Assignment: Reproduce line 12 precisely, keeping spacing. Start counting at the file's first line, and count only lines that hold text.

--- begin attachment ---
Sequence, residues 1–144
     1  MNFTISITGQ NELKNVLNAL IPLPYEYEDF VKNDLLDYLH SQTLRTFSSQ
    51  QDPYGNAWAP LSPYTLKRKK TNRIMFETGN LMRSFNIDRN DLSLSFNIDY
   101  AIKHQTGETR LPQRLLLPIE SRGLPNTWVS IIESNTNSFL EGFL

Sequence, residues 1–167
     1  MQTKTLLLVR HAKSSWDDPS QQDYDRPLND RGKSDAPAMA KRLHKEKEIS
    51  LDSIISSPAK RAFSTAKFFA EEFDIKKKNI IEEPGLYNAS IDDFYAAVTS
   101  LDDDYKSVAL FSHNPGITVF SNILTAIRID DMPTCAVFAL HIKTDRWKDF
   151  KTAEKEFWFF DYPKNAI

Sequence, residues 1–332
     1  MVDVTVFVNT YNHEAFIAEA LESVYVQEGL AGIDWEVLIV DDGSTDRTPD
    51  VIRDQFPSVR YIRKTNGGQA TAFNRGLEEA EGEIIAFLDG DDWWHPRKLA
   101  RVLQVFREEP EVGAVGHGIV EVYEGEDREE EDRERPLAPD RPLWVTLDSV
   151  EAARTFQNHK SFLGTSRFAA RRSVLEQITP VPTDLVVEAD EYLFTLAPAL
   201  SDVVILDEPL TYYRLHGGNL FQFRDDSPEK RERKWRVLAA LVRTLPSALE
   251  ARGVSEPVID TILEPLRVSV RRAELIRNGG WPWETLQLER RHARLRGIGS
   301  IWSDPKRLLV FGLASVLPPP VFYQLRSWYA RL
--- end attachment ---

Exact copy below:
    51  VIRDQFPSVR YIRKTNGGQA TAFNRGLEEA EGEIIAFLDG DDWWHPRKLA